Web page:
Albert Bifet (LCTI/Télécom ParisTech, University of Waikato)
Title : Machine Learning for Data Streams
Abstract : Big Data and the Internet of Things (IoT) have the potential to fundamentally shift the way we interact with our surroundings. The challenge of deriving insights from the Internet of Things (IoT) has been recognized as one of the most exciting and key opportunities for both academia and industry. Advanced analysis of big data streams from sensors and devices is bound to become a key area of data mining research as the number of applications requiring such processing increases. Dealing with the evolution over time of such data streams, i.e., with concepts that drift or change completely, is one of the core issues in stream mining. In this talk, I will present an overview of data stream mining, and I will introduce some popular open source tools for data stream mining.
Joyce-Madison Giacofci (Université Rennes 2)
Title : Functional data analysis : modelling curves variations
Abstract : Owing to the constant evolution of technologies many scientific studies lead nowadays to the collection of large amounts of data that are usually modelled as functional data. Functional data are characterized by their complexity, their underlying structure and their high dimensionality. After brief recall on functional data analysis, we will focus on the modelling of inter-individual curves deviations through functional mixed models and deformation models.
Fabien Lotte (Inria Bordeaux)
Title : Traitement et classification de signaux Electroencéphalographiques pour les interfaces cerveau-ordinateur
Abstract : Les Interfaces Cerveau-Ordinateur ou BCI (de l’anglais « Brain-Computer Interfaces ») sont des systèmes de communication permettant à leurs utilisateurs d’envoyer des commandes à un ordinateur en utilisant uniquement leurs signaux cérébraux, grâce à la mesure et au traitement de ces signaux. Puisque les BCI permettent de contrôler un ordinateur sans aucune activité physique, elles sont très prometteuses pour de nombreux domaines d’application, notamment les technologies d’assistance, par exemple pour contrôler des fauteuils roulants, et l’interaction homme-machine. Dans cette présentation, je présenterai un panorama des méthodes d’analyses et de classification des signaux électroencéphalographiques (EEG) utilisés pour mesurer l’activité cérébrale dans les BCI. J’illustrerai notamment les informations qu’on peut extraire de ces signaux, et comment les extraire et les classifier malgré la nature bruitée et non-stationnaire de ceux-ci.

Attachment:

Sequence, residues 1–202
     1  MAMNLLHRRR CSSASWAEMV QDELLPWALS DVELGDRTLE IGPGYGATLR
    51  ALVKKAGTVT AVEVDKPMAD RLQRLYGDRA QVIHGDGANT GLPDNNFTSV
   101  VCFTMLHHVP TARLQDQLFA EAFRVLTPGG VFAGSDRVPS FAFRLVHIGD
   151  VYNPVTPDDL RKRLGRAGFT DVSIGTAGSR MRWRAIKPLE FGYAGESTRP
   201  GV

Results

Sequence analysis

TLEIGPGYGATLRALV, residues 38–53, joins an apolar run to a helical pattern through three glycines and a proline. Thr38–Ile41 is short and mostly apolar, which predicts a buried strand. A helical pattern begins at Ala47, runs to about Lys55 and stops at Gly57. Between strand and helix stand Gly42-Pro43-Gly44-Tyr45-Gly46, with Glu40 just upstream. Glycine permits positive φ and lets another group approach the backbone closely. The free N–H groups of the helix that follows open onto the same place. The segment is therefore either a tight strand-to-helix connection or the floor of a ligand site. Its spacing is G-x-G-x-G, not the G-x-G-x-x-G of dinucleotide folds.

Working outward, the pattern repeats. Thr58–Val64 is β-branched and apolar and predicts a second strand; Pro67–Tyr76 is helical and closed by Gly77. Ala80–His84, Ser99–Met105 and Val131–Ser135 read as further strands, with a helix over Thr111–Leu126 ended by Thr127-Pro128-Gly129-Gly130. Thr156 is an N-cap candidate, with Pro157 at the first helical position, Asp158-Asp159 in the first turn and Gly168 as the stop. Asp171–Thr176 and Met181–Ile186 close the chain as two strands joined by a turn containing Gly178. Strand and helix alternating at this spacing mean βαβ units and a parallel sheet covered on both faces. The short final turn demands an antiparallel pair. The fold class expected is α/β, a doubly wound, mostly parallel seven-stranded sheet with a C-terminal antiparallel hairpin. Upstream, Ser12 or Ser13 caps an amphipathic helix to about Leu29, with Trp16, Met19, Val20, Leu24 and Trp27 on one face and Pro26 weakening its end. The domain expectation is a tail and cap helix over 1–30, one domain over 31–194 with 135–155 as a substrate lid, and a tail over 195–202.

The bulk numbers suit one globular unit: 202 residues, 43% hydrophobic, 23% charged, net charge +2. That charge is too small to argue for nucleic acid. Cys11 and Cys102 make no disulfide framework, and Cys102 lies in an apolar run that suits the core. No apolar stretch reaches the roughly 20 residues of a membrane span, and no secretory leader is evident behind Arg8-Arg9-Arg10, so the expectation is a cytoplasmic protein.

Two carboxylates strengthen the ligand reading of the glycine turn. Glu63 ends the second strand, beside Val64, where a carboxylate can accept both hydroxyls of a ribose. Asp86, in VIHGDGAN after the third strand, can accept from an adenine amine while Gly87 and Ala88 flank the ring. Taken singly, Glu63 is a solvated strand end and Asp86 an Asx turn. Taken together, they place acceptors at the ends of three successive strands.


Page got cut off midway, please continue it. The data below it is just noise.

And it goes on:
José Lozano (University of the Basque Country, Spain)
Title : Time series data mining challenges
Abstract : Time series have gained much interest in the last decade. They appear naturally in industrial, medical or economical environments to name a few. Time series mining refers to the activities related with the extraction of knowledge from time series databases. Particularly, typical machine learning activities such as supervised classification or clustering are carried out from this kind of data. Furthermore, the timely nature of the data allows considering new problems. An example is the early classification of time series, where the objective is to classify the series as early as possible a before its end. In this talk we will review time series mining algorithms and pointed out to new avenues to do research in the area.